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Michael Coren: In Cultures Where Young People Have an Easier Time Being Gay Today, Somber Irony That Greatest Opposition to Them Is Still in Christian Homes

Posted on the 16 August 2016 by William Lindsey @wdlindsy
Michael Coren: In Cultures Where Young People Have an Easier Time Being Gay Today, Somber Irony That Greatest Opposition to Them Is Still in Christian Homes
Earlier today, I wrote
This tribal, defensive, parochialism [of the leaders of the Catholic church in the U.S., including its pastoral leaders and its intellectual leaders in the Catholic academy and journalistic sector] is beyond tragic in a culture in which huge numbers of church members, young ones, in particular, are exiting the churches at this moment in history precisely because they do not see the Christian churches giving proper place — priority — to the kind of love in action that Jesus clearly tells us is central to Christian discipleship. It's beyond tragic in a culture in which a certain configuration of white Christians acting in concert have brought us the dangerous candidacy of Donald Trump, as a direct result of the choice of the U.S. Catholic bishops in the reactionary-parochial period of Catholic life under John Paul II and Benedict to align the U.S. Catholic church with white evangelical churches that share the doctrinal rigidity of these bishops around issues of gender and sexuality, when what is clearly most important within the Christian tradition is the command to do all the good possible in all ways possible everywhere possible for as long as possible.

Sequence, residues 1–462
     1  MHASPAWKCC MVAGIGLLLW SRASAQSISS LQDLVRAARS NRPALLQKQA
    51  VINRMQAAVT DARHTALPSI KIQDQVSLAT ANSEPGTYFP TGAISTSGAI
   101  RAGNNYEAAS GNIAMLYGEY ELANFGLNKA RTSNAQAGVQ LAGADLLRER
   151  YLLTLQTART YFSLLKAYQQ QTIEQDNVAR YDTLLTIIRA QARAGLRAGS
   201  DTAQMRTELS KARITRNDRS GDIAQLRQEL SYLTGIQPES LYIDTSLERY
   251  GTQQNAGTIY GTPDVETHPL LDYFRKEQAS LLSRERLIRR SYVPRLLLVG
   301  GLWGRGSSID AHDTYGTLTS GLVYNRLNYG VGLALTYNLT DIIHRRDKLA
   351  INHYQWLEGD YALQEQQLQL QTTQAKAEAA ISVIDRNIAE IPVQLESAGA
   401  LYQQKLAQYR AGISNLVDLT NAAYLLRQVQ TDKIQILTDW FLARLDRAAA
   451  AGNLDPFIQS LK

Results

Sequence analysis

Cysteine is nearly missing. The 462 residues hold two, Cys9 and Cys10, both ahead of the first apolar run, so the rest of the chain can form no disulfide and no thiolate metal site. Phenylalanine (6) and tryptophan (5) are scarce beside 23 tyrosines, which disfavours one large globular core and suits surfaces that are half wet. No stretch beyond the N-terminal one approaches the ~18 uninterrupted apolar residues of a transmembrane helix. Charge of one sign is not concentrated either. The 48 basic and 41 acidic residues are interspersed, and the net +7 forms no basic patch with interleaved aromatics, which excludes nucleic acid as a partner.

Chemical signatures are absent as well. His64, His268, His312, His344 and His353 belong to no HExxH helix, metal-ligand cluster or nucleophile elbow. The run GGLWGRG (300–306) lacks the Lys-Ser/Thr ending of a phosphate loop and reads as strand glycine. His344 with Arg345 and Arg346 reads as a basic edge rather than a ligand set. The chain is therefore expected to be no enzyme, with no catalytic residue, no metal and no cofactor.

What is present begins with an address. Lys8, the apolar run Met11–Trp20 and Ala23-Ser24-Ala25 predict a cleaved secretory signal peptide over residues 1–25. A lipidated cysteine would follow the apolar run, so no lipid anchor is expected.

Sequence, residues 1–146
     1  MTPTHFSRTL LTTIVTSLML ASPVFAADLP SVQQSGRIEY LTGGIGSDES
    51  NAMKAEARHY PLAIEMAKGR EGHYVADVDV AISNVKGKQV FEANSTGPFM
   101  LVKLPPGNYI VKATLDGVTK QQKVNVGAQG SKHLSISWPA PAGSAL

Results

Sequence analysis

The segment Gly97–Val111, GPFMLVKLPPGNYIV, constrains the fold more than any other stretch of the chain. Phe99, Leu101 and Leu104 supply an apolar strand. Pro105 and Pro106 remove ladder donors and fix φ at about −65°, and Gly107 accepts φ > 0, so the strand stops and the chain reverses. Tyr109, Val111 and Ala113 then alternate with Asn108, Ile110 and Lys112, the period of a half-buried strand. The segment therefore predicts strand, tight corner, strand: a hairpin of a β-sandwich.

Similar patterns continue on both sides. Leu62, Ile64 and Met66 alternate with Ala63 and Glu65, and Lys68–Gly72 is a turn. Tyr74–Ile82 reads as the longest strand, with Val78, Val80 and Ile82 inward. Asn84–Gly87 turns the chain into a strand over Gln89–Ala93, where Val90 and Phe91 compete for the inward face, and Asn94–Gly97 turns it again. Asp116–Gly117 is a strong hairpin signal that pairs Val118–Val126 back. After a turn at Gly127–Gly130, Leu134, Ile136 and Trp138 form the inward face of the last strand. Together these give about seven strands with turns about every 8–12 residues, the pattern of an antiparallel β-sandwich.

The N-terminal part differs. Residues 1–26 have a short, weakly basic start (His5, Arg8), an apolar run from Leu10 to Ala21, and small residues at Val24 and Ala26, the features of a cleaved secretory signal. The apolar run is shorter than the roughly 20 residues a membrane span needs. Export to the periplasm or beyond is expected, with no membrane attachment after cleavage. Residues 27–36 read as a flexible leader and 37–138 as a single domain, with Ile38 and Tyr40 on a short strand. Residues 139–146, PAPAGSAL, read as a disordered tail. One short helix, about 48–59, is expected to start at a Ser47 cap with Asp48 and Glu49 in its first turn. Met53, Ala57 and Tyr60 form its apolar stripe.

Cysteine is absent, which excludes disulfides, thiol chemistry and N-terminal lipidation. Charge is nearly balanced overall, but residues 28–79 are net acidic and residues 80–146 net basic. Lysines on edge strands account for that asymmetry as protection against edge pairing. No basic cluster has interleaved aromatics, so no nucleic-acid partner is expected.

And now I want to share an insight from Michael Coren, Epiphany: A Christian's Change of Mind and Heart Over Same-Sex Marriage (Toronto: Signal, 2016), p. 111. If you click the text at the head of the posting, it will enlarge and be more legible. 

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